COMMENTARY | Although professional wrestling has always been scripted entertainment, the industry is very different today than it was decades ago.
When I consider the major eras of pro wrestling, I generally divide them into two parts, with Vince McMahon, Jr. taking ownership of the WWF in the early 1980s as the dividing line. Prior to McMahon running the WWF, wrestling presented its product as "sports," even though the outcomes were predetermined and most fans knew this. But McMahon admitting that pro wrestling was entertainment forced all promoters to alter their product.
In the past, wrestling had been more about the product rather than the presentation. The legends of the past were strong, but they didn't have sculpted bodies. Cardio was more important than weightlifting because many matches lasted 30-60 minutes and they were often contested as best two-out-of-three falls. Also, the wrestlers of the past did interviews to promote matches, but mic work wasn't nearly as important as it is in today's drama and storylines.
A representative sample of the legends of the bygone era of wrestling would include Lou Thesz, Antonino Rocca, Verne Gagne, Bruno Sammartino, Crusher and Bruiser, Buddy Rogers, Dusty Rhodes, Harley Race, and Terry Funk. There are certainly other legendary wrestlers of the past, but for brevity, I'll stick to these 10. If a time machine picked up these wrestlers in their primes and deposited them in 2013, how would they fare in today's sports entertainment?
Although you can get work on the indy scene if you're not in shape, it's hard to imagine Dusty Rhodes even getting a shot in WWE or TNA today. Rhodes did work briefly in the WWF in the late 1980s, but he never rose above mid-card status and he had already built a strong reputation elsewhere. Still, Rhodes was exceptional on the mic and I could possibly see a major promotion hiring him as either a commentator or manager.
Another category of older wrestlers was the legitimate tough guys. These wrestlers preferred to drink beer and fight for fun instead of getting a tan and living in the gym. Crusher and Bruiser clearly worked out, but they seemed to have so much fun wrestling, that you always had the feeling they'd do it for free. Harley Race was as tough as they come and although Terry Funk had a comical side, he was also a legitimate brawler.
I believe Crusher and Bruiser would get a shot today. They remind me somewhat of the Dudleys. Crusher and Bruiser could fight as dirty as anyone, but they also had a sense of humor. But I'm sure McMahon would make them work off their guts. Harley Race reminds me of Wade Barrett. He's a good wrestler and he's someone you wouldn't want to meet in a dark alley. But is Race charismatic enough to get a major push today? Terry Funk's package as a decent talker, good seller, mean streak, and sense of humor would likely put him ahead of Race in today's industry.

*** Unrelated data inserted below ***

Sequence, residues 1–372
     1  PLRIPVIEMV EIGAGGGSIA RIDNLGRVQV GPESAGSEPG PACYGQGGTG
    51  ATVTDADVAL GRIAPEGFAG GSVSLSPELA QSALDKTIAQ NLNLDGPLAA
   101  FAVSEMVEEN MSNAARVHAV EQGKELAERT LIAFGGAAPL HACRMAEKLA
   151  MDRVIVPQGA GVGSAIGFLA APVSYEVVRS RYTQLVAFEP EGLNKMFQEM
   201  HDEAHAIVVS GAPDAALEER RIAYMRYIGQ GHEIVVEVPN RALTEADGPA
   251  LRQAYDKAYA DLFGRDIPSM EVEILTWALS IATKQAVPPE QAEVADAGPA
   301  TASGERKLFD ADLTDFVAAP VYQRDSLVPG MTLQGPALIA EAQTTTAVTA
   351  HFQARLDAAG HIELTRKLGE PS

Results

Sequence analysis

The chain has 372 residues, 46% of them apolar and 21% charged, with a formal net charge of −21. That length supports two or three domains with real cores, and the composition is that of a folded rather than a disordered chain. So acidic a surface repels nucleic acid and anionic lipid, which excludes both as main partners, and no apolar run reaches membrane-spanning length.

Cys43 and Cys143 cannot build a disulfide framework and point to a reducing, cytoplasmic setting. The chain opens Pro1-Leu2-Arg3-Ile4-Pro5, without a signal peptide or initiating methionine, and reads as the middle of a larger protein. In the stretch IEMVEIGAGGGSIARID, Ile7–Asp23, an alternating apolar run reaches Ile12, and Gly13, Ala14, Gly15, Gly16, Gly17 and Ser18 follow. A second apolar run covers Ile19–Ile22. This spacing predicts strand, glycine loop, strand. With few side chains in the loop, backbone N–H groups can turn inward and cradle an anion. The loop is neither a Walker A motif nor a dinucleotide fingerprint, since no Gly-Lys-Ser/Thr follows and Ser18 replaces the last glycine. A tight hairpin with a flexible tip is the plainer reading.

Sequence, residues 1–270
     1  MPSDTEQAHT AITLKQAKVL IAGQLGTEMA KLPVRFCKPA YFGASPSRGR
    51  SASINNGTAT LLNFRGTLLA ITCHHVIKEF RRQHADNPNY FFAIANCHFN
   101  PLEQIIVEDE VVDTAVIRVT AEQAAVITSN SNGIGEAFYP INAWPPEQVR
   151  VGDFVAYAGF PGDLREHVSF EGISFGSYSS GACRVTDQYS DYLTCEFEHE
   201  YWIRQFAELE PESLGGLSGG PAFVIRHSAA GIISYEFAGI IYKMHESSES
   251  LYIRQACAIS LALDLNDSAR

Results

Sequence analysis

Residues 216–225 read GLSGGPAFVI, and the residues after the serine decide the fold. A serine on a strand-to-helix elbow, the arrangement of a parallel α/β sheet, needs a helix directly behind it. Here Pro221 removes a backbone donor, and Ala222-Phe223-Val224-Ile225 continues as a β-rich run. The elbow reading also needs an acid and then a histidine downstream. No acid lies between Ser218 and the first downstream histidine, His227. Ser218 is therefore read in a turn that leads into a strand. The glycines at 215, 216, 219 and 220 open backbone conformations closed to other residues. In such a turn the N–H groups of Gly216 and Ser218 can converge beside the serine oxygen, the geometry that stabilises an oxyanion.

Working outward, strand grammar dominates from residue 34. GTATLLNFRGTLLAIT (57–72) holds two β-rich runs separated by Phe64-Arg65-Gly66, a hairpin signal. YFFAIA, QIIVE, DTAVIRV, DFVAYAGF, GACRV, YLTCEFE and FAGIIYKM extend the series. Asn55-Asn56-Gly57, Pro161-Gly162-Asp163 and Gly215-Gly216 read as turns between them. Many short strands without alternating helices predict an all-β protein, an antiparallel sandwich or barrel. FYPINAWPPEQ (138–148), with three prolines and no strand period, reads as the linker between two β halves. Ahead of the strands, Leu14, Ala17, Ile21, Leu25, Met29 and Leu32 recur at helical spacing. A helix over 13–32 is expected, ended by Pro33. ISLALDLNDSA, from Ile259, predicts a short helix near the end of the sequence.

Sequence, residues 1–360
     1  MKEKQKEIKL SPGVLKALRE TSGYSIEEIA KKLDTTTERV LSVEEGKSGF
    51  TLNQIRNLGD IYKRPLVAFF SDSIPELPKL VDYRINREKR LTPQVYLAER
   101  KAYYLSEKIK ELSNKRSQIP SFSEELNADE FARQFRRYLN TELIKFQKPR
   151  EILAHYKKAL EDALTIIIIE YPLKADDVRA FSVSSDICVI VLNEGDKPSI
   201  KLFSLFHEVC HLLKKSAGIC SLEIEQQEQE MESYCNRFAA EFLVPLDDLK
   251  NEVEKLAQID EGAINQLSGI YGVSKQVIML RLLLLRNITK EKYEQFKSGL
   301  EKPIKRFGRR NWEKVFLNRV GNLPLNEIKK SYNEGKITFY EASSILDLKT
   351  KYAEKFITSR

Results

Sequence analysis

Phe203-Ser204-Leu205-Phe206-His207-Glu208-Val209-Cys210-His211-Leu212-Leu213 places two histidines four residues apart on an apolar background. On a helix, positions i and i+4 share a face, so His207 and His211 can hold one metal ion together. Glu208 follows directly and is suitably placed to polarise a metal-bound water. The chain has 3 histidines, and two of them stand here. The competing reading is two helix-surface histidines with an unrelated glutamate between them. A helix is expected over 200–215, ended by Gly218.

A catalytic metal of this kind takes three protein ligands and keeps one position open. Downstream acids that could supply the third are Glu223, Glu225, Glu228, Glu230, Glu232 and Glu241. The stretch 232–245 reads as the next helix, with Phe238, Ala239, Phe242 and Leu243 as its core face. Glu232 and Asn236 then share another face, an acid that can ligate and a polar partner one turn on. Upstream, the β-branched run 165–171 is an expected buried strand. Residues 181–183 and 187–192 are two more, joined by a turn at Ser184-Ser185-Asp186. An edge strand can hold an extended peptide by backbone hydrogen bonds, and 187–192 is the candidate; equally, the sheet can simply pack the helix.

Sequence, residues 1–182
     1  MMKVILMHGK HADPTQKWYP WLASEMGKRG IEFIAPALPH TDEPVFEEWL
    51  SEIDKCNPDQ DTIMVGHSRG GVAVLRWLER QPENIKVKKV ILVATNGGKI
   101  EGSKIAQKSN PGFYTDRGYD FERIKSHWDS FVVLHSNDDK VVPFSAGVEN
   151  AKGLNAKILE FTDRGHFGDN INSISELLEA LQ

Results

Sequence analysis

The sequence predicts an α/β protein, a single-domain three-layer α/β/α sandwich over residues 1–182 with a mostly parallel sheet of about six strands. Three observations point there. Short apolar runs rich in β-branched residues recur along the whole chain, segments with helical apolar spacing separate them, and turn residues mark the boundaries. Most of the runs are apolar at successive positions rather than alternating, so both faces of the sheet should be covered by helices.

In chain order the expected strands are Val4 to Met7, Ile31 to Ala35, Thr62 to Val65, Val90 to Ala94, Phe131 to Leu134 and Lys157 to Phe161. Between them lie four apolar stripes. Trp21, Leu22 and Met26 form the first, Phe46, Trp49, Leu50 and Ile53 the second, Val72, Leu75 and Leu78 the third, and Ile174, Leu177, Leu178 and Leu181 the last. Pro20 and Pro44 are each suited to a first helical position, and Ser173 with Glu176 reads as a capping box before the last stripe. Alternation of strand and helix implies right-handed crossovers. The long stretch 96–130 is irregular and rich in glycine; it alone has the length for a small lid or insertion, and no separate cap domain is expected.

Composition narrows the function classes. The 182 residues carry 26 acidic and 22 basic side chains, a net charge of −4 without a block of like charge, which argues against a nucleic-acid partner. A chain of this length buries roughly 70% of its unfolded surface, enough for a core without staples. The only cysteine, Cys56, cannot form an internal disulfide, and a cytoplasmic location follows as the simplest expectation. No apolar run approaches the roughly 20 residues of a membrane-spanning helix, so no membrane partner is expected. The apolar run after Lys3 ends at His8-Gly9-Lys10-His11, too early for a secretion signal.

Lou Thesz and Bruno Sammartino just had an aura of greatness about them. They were both good workers, but there were other wrestlers who were even more fundamentally sound. In the past, pro wrestling was often like the wild wild west behind the curtain and wrestlers who dressed well, stayed out of trouble, and showed up when they were supposed to were a commodity. This at least partially explains Thesz and Sammartino's long title reigns.
Although it pains me to say this, I can't imagine Thesz succeeding at a high level today. His conditioning for one-hour matches isn't needed now. I also can't see Thesz dancing, strutting like a rooster, dressing up as a clown, or waving a cape in front of a fake bull as other wrestlers have in the WWE. Even Sammartino wouldn't be as popular today because he got over in the WWWF by playing up his ethnic roots in the northeast. But I think he could work in TNA.
It's difficult to predict Verne Gagne's success today because as owner of the AWA, he basically put the title on himself. But it's easy to forget that in his youth, Gagne was an outstanding technical wrestler who came close to becoming NWA World Heavyweight Champion. Outstanding amateur wrestlers can always get a shot today and so would Verne Gagne. But needless to say, he wouldn't stay on top as long as he did in the AWA.
The final two wrestlers in my sample are anomalies in that they were trailblazers by utilizing styles that are more popular today than in their eras. Antonino Rocca was a high-flyer when most wrestlers were content to hold headlocks for 15 minutes. He was also a legitimate athlete, with a great singing voice. I can't honestly grade his mic work, but I believe Rocca could succeed today, especially in the WWE, better than most legendary wrestlers.
If Buddy Rogers descended into 2013, there is no doubt he'd be a major star. Rogers had a fantastic physique, golden tan, and natural charisma. Rogers simply exuded greatness in an era when most wrestlers learned how to work and that's about it. He also carried himself with the same level of class as Thesz and Sammartino. Rogers was a good talker who could adapt to today's style of mic work. And he wouldn't even need a gimmick.
Most wrestlers of the previous era would not possess the complete skill set to succeed in today's business. But most of the legendary wrestlers of the past would likely succeed today in varying degrees.
Of course, it's also likely that once these legends arrived in 2013 and saw how "pro wrestling" had morphed into "sports entertainment," they'd jump right back into their time machines and get as far away from 2013 as possible.
Patrick Michael lives in New Orleans and has always been a big fan of pro wrestling. Patrick's favorite wrestling promotion was Mid-South Wrestling back in the 1980s. Patrick's favorite wrestling angle of all-time was the NWO and his favorite wrestler is Roddy Piper. Follow Patrick Michael on Twitter at patmichael84.
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